Amazon opened up its first physical bookstore back in November last year, selling goods at the same price as those on the retail giant’s website, which are usually lower than list price. But a recent change means that the discounted books won’t be available to everyone, only members of Amazon’s Prime subscription service.

It’s been almost a year since the first Amazon Books store opened its doors in Seattle’s University Village shopping center. Two more outlets have appeared in San Diego and Portland since then, and another two are about to open in Boston and Chicago. The new pricing structure applies to all the stores.

It was GeekWire that first reported the change, which has been in place since August. Customers who aren’t members of the $99 per year – or $10.99 per month – Prime service now pay the list price for books, which can be anything from 6 percent to 40 percent higher.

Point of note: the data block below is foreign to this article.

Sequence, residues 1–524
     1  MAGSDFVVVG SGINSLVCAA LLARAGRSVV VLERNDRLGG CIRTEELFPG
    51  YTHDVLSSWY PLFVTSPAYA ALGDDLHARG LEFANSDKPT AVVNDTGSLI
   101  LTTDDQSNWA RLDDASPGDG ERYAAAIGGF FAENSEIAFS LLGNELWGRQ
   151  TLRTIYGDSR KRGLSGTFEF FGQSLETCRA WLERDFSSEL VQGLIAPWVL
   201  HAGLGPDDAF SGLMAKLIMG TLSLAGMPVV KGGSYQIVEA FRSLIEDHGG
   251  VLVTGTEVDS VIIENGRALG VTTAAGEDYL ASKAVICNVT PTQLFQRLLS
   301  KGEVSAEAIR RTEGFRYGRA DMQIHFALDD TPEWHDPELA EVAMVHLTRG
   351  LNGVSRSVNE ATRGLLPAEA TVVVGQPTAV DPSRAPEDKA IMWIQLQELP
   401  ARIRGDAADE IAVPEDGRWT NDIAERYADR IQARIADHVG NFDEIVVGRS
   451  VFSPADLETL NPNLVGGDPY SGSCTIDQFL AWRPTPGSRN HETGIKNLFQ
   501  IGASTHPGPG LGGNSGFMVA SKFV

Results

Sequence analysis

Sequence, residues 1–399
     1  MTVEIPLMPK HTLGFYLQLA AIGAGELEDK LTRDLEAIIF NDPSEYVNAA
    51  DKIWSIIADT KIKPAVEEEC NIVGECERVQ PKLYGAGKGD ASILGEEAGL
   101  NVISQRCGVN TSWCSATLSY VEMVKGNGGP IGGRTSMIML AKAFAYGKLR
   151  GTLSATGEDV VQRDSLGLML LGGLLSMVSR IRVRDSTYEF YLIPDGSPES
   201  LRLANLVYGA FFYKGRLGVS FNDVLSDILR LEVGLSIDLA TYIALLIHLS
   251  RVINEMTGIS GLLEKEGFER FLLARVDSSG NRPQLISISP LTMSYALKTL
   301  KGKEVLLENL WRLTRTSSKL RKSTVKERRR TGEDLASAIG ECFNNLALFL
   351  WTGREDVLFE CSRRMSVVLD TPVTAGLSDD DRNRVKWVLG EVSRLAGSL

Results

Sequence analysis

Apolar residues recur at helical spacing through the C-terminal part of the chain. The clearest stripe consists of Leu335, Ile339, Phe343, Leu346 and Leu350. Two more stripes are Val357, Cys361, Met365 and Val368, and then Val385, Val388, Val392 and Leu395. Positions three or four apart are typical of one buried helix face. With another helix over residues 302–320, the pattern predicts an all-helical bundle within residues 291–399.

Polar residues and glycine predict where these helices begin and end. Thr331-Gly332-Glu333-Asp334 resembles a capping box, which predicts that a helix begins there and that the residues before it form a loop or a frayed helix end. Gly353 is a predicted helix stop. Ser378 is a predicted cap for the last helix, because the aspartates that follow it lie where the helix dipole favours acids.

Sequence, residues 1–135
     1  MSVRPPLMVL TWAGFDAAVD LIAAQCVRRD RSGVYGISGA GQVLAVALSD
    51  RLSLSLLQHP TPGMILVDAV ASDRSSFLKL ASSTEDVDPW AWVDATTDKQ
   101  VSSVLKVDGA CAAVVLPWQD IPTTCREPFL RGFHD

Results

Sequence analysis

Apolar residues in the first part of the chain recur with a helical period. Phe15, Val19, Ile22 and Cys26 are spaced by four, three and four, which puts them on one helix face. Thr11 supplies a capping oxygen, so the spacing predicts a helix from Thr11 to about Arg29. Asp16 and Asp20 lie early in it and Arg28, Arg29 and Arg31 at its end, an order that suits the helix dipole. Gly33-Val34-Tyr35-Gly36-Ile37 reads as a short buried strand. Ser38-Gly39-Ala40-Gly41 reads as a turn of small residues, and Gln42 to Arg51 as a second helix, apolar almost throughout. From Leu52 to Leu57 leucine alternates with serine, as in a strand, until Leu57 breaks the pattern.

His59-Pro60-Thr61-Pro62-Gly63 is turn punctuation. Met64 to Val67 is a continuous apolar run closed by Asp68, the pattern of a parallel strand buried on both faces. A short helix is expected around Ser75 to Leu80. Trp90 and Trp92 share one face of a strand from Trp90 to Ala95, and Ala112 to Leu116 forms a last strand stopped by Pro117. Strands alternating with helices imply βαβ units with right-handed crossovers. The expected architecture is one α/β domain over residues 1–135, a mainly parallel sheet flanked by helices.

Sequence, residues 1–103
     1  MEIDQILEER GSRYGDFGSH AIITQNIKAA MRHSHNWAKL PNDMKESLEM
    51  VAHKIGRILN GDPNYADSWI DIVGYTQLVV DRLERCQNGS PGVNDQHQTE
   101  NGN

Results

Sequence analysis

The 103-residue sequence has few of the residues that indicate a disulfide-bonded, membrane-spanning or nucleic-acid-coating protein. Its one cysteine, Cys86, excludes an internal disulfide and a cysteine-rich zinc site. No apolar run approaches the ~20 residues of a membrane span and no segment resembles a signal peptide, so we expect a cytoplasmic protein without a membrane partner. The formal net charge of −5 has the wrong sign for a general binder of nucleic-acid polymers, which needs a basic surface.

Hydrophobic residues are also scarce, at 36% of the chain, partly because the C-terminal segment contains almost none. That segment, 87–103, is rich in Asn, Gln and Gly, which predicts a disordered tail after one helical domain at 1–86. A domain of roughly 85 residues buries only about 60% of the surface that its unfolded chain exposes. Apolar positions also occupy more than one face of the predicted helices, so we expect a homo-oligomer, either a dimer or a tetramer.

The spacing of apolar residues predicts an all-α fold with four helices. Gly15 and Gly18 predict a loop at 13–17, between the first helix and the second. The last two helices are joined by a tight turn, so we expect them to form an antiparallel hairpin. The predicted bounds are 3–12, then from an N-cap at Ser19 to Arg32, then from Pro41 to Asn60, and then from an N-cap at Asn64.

Unsurprisingly, Amazon is using the discounted goods as way of attracting more Prime members. The new pricing model is advertised across the stores, and customers can sign up for a 30-day Prime trial at the checkout.

The only items not covered by the new rule are Amazon devices such as Fire tablets, which are the same price for everyone.

As noted by The Verge, there are a number of stores that require memberships before customers can buy their discounted products, Costco being one example, while Barnes & Noble’s annual membership includes discounted books.

Amazon has never revealed exactly how many people subscribe to its Prime service, but the figure is estimated to be around 70 million in the US, meaning more than half of the company's customer base are subscribers.